Aboriginal Landcare

For more than 25,000 years, the southern ACT catchment area has been the home of the Ngunawal people. Their country stretches from Queanbeyan and Yass to Wagga Wagga, where it borders the Wiradjuri people's lands. Other groups such as Walgalu, Gundungurra, Yuin, and Ngarigo peoples are known to have been active in the region.

The Ngunawal people left their mark on the southern ACT catchment, with various artefacts such as axe-grinding grooves, campsites, rock shelters, paintings, stone artefact scatters, ring trees, and scar trees, some of which date back to the last Ice Age. Radiocarbon dating from the Birrigai Rock Shelter near Tidbinbilla Nature Reserve places Ngunawal occupation at least 25,000 years ago. However, Aboriginal people believe their ancestors were here well before this time.

The Aboriginal communities in the area travelled according to seasons to find food and shelter. In the warmer seasons, many people gathered in the Tuggeranong Valley to harvest Bogong moths that arrived in abundance annually in the Brindabella ranges - which they roasted in sand or ashes. This gathering provided an opportunity for the tribes to come together for important occasions such as initiation ceremonies, marriages, ceremonial dancing, food exchange, and dispute resolution. The cultural traditions and connections with the land were passed down from generation to generation during these gatherings.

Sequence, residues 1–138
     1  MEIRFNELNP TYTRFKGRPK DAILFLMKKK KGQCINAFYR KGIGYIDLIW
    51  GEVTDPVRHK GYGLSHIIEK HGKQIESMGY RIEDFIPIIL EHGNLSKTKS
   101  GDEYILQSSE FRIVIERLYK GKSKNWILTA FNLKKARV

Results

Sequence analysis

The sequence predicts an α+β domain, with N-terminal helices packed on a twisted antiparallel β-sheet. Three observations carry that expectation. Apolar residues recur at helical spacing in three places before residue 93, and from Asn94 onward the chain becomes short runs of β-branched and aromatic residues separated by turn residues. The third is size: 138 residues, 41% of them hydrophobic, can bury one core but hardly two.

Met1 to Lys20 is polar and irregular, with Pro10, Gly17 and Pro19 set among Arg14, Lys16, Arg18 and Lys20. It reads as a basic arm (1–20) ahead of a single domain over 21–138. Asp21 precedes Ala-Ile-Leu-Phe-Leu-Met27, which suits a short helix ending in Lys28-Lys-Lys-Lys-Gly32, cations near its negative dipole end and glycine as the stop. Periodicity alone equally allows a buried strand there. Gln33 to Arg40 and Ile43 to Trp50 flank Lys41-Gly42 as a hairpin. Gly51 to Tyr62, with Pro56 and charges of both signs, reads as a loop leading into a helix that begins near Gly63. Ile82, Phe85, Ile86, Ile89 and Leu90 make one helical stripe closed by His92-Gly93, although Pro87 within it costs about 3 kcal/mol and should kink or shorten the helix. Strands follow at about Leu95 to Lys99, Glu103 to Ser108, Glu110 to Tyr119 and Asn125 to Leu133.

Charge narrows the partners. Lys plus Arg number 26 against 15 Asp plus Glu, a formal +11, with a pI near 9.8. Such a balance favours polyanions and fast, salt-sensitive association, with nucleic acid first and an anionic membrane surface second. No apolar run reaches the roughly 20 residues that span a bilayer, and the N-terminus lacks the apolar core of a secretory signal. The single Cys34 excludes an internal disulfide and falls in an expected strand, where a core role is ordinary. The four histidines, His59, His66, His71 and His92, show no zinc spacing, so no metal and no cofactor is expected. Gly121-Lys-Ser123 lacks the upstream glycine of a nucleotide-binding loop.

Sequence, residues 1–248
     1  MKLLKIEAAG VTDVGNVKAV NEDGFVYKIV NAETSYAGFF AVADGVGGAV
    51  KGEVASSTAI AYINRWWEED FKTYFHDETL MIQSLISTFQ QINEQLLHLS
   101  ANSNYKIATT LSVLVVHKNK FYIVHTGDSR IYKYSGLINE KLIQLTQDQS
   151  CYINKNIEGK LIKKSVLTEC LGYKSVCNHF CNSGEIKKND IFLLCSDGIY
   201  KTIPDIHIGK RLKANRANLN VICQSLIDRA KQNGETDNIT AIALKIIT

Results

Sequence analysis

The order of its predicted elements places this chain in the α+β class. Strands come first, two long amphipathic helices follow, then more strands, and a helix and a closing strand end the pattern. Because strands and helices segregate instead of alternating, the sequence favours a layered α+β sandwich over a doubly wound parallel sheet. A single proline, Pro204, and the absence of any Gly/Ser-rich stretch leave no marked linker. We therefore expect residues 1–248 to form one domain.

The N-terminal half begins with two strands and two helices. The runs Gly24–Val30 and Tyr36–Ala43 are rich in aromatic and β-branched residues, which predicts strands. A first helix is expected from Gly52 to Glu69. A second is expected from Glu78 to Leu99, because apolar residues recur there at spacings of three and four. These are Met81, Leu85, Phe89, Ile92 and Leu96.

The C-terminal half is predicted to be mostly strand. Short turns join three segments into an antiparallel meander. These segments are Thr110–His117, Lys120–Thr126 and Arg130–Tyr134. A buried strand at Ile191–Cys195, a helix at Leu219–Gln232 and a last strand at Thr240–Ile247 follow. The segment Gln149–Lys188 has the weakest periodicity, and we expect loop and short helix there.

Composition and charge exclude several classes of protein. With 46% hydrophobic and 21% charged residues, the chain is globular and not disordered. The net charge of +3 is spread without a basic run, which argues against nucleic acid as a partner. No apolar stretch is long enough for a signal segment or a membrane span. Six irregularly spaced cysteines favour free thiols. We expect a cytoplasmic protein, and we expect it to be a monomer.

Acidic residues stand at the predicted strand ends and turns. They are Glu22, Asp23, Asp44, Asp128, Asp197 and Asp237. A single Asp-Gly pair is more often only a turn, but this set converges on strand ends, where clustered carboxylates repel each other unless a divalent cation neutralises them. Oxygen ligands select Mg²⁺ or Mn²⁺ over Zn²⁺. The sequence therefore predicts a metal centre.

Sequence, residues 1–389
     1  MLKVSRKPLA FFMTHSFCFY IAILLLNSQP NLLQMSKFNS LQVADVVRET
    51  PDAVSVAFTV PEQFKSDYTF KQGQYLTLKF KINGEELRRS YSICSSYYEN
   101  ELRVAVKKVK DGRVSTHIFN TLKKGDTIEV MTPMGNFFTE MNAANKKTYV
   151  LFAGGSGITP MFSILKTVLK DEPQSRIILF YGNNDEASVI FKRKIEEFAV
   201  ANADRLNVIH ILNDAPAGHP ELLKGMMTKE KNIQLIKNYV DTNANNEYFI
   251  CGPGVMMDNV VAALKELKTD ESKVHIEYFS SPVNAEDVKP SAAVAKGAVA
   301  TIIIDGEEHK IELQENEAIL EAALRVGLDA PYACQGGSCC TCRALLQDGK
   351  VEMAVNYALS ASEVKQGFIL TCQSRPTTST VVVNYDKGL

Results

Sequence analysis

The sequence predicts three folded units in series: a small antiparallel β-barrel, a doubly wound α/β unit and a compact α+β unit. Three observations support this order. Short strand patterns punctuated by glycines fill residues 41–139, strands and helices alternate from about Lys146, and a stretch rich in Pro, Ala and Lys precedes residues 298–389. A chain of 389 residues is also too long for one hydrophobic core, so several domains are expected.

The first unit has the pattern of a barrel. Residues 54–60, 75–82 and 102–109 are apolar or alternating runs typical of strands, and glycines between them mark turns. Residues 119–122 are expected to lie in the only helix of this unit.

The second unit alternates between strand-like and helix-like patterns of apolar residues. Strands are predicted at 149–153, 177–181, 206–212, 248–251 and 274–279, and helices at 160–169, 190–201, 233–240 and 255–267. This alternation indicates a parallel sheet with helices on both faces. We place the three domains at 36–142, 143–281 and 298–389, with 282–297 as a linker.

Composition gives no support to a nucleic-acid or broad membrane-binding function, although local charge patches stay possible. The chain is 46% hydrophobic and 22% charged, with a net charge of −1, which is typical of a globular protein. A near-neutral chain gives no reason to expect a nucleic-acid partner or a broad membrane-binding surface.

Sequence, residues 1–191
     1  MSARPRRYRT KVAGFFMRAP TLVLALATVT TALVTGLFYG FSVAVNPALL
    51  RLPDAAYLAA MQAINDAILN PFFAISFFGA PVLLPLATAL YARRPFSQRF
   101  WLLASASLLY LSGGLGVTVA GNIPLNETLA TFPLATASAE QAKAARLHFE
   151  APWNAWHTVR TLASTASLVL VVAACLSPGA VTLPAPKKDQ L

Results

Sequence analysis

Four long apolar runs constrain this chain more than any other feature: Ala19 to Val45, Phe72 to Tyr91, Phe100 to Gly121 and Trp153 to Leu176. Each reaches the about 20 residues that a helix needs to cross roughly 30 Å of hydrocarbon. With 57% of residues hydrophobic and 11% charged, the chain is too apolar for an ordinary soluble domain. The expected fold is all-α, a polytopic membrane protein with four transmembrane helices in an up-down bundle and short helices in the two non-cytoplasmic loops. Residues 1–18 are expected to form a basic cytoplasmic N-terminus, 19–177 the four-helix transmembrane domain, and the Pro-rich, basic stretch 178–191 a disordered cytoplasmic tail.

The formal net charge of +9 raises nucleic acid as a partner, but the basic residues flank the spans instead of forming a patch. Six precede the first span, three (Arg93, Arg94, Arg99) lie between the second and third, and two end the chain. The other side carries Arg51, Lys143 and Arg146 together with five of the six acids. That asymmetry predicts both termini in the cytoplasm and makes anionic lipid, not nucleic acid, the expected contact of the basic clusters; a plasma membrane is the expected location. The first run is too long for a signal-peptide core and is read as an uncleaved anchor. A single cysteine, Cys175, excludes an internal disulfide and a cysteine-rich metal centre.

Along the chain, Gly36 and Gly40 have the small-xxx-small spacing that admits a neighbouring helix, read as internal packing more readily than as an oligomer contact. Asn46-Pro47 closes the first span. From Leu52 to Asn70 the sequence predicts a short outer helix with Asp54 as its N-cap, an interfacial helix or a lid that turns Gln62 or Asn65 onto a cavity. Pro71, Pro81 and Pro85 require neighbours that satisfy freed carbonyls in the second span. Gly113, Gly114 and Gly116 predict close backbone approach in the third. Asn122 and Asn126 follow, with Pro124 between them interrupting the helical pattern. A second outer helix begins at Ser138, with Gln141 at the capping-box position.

When European settlers arrived in canberra in the early 1820s, there were still a large number of Ngunawal people living in the area. But within two decades, European settlement began to disrupt Aboriginal patterns of land use and movement across the country. Many Aboriginal families were drawn to farms and townships by the opportunity to work or to receive food and blankets. As contact with Europeans increased, many Aboriginal people died from diseases like influenza, smallpox, and tuberculosis, and soon Aboriginal populations began to decline.

Today, the Ngunawal community is active in restoring their connections to their dispossessed custodial lands and cultural heritage. In 2001, the ACT government entered into a cooperative agreement with the Ngunawal community over the management of the ACT's Namadgi National Park. This agreement recognised the Ngunawal cultural association with the park's lands and their role as custodians of their traditional lands and responsibilities to their ancestors and descendants for the protection of their sites.

The Theodore Aboriginal artefact grinding grooves demonstrate an important aspect of past Aboriginal lifestyles and technologies. The site has exposed sandstone rock with grooves and scattered stone artefacts. There are two shapes of grooves here at Theodore. The round grooves were used for food processing and the oval-shaped for making and sharpening tools. Southern ACT Catchment Group worked with Ngunawal elder Wally Bell to install an educational sign at the site to allow for the canberra community to learn and appreciate ancient cultural heritage.


Aboriginal grinding grooves at Theodore.

Currently, Southern ACT Catchment Group is working on the Conservation and Protection of Lanyon Canoe Trees, which have been nominated to the ACT Heritage Register. 

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